Research shows strong interest in herbal medicine

Research from Ayurvedic tea and supplement manufacturer, Pukka Herbs, has shown that 43% of 2000 survey respondents have used alternative medicine/herbal remedies for problems such as joint pain, sleep problems and energy levels. The survey also found that 70% of respondents would like to be able to access natural medicines through their GP and 64% felt they didn't have enough information about the potential benefits of herbal medicines. Sebastian Pole, co-founder of Pukka Herbs said, “It’s wonderful to see that people are taking an interest in herbal medicine and looking to use these incredible traditional remedies to manage their health concerns in a more holistic and natural way.

UK Government’s Childhood Obesity Plan criticised by Health Select Committee

In a report on childhood obesity, the House of Commons Health Select Committee has criticised the UK’s Childhood Obesity Plan, published in August 2016. Although the Committee welcomed the measures included in the plan, it was extremely disappointed that key areas for action were not included. The Committee has urged the manufacturers of sugary drinks to pass on the price differential cost between products with high and low or no sugar as a result of the sugar tax, to nudge consumers towards ‘low’ sugar options. The Committee also called for further action including extending the sugar tax to milk based drinks with added sugar, calling on the government to tackle portion size, and more disclosure on how the income from the levy is being spent to reduce childhood obesity. It called on the Government to reduce deep discounting and price promotions on sales of unhealthy food and drink and give powers to local authorities to limit the proliferation of unhealthy food outlets since the out-of-home sector (restaurants, take-aways) accounts for an increasingly large proportion of the food we eat.

Unsaturated fats and Alzheimer’s

Researchers have suggested that the metabolism of unsaturated fatty acids is significantly dysregulated in the brains of people with Alzheimer’s disease (AD). The study published in the journal PLoS Medicine looked at 43 individuals ranging in age from 57 to 95 years old. Six fatty acids (linoleic, linolenic, docosahexaenoic, eicosapentaenoic, oleic and arachidonic acids) were found to be strongly associated with AD. However, the study didn't consider diet, the sources of the oils or how they had been processed prior to consumption. ANH-Intl has previously highlighted that fact that the polyunsaturated fatty acid (PUFA) content of oils in our diet is skewed heavily towards a high ratio of n-6 (Omega 6) to n-3 (Omega 3) oils, which is one of the key drivers increasing inflammation which underpins all chronic diseases.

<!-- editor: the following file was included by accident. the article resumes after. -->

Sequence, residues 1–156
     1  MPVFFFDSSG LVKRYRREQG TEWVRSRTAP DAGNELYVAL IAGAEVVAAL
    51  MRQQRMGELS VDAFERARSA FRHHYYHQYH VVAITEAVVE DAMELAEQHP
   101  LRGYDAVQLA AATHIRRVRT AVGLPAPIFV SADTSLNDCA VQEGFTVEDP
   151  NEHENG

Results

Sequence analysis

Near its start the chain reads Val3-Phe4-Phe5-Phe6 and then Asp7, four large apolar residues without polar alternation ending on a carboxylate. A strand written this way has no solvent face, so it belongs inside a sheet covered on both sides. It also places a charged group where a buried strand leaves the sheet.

One shot vaccines for newborns

A newborn’s immune system functions very differently to that of an older infant, child or adult to avoid it being rejected by the mother and to ‘teach’ the immature system recognition of self from non-self and to allow for the colonisation of the gastrointestinal tract with beneficial micro-organisms. Drug-funded research (supported by VentiRx Pharmaceuticals, 3M Drug Delivery Systems, MedImmune, Crucell (Johnson & Johnson) and Shire) being carried out at Boston Children's Hospital is looking for a vaccine to be given to newborns to protect them against infections. A new report in JCL Insight indicates that the research team has achieved a strong vaccine response in newborn animals by adding an adjuvant (3M-052) to boost the immune response. The adjuvant has been designed to prevent it from entering the bloodstream, where it can cause inflammation and flu like symptoms. Instead, researchers claim, it remains in the muscle. Newborns are currently vaccinated with hepatitis B, but research shows an abnormal response compared with that of an adult because of their immature and naïve immune systems. There is increasing evidence from animal and human studies suggesting specific risks for adjuvants in vaccines and it is too early to tell whether non-circulating adjuvants present lower risks. How this may be magnified for newborn babies at such a vital time for gut, immune system and brain development is completely unknown. But what is known is that vaccines are a potentially unlimited ‘cash cow’ for the pharmaceutical industry that are much less costly to bring to market than patented drugs.